“Criminal Law Means for Combating Corruption. Roberts had read the title of his diploma so many times that the words lost their meaning. Today, before beginning to write a new chapter, he mused at the irony of it. Here he was researching corruption issues dating back to ancient Rome, and nothing had changed over a couple of millennia. If anything, people had become more tolerant of bribery. In ancient Rome, they used the skin of the judge accused of and executed for corruption to cover the seat of his successor. Robert wondered if that practice would change anything in modern law enforcement authorities.” 

Roberts is also poor. He can barely feed himself on his scanty entry-level Police salary. But he has dreams and ambitions, and refuses to be denied. And, he refused to succumb to the temptation of easing his living circumstances through malfeasance.

Was it the money? The thought was unsettling. Mainly because it rang true. The self-assured people he’d met all had money. But Dana was right about the method they used to make their fortunes. Was he ready to do what they did to climb the hierarchy ladder? He knew that he wasn’t. It didn’t matter how desperate he felt when he ran out of money at the end of each month or how humiliating it was not to be able to afford to buy clothes in decent shops. The money wouldn’t make him feel better if it was earned in a dishonest way. He couldn’t cheat, take bribes, and pretend the law existed for others and not for him. He still believed there was another way to earn a decent living.”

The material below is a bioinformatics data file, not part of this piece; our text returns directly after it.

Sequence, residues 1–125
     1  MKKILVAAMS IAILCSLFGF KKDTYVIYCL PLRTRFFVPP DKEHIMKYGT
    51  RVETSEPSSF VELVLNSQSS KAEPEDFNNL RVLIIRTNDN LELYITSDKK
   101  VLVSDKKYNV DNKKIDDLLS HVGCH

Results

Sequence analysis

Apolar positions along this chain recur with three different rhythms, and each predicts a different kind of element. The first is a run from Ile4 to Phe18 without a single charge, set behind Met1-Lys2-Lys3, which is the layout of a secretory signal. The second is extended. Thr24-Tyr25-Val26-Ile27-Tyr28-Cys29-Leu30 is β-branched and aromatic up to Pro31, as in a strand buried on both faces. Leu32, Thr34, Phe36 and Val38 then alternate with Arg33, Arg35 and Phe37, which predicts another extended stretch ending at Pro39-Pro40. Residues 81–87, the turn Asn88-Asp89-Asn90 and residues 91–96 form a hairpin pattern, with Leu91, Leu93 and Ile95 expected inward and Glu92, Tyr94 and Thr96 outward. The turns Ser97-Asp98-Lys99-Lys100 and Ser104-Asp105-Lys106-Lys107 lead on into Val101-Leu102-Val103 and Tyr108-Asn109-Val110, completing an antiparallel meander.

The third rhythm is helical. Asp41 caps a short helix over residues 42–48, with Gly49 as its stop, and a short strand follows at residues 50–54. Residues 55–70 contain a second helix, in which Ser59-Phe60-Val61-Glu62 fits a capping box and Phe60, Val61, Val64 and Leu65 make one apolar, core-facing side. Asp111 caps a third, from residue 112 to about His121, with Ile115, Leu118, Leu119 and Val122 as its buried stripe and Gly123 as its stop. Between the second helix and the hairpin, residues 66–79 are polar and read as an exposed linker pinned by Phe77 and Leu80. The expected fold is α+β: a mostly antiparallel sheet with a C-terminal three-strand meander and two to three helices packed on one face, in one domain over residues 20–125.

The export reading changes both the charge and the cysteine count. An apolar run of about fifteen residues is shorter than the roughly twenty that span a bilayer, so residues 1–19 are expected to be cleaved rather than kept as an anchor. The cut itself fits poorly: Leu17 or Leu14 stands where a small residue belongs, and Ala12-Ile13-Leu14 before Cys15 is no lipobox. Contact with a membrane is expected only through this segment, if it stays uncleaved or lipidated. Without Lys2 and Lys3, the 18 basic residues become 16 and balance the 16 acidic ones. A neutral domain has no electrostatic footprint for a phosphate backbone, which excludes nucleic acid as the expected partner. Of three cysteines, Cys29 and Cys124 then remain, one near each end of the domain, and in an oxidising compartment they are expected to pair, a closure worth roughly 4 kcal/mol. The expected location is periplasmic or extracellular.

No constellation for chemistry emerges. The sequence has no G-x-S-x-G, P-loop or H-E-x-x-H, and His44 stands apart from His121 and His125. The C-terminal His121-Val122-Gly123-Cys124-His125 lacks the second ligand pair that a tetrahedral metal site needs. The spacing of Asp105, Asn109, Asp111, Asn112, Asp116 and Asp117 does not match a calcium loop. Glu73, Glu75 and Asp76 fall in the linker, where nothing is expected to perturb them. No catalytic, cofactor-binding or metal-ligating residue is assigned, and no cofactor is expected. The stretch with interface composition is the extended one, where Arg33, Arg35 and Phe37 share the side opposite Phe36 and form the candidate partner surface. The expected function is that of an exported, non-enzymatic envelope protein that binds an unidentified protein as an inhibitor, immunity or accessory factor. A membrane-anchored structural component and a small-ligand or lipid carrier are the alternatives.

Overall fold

Roberts is intelligent. He is fluent in English, a rarity among his Police comrades, and an advantage for future upward mobility in his environment. He is on track to become a lawyer, if he can complete his classes, while he works as a Patrolman of the Public Order Police Patrol. But it’s not easy to keep your dreams untarnished when so much around you has lost its lustre, and you are mired in the muck, your belly is empty all the time, and you don’t know if you will be able to pay your share of the rent in the tiny apartment you share with your Police roommates.

All the while, Roberts must deal with the considerable stresses and dangers of being a front-line Officer. A click of a trigger or the thrust of a knife or an axe could put an end to all his aspirations of being a lawyer. If the avarice and subornation of his colleagues, or the crushing conditions in which he must exist don’t eat him alive first. Latvia is not an easy place for a principled man and cop.

 

“He felt guilty about not paying attention to her. In fact, they hadn’t discussed their relationship or what they expected from each other. Roberts knew why. He didn’t expect anything and didn’t want to hear her tell him that she did. If she said it aloud, it would become a kind of obligation. And he treated his obligations seriously. As long as they didn’t talk about it, it didn’t exist.”

 

How can it be possible for a good man, a good cop, to make it out alive?

 

“Back at the police station, Roberts quickly walked past the duty officer post. He still noticed something unusual about the high panel board. A head was bobbing up and down behind it. It appeared and disappeared at regular intervals. Up and down, up and down. Blonde, with curls, it wasn’t Bruno’s head. Roberts hurried up the stairs. Boredom and loneliness had gotten to the duty officer. Anyway, it wasn’t that anyone would report him for having a good time with a prostitute. No one would notice, and no one cared.”

And even if he does, can he do his job, and get justice for the victims of crime and malversation?

The characterization by Koguce continues to be absolutely superlative. The protagonist, Roberts, was crafted in impeccably realistic fashion. The auxiliary players are also fabulous. I don’t mean to not give them the proper mention they deserve, but this book was all about Roberts for me.

My personal connection with Roberts as a character was something very special for me.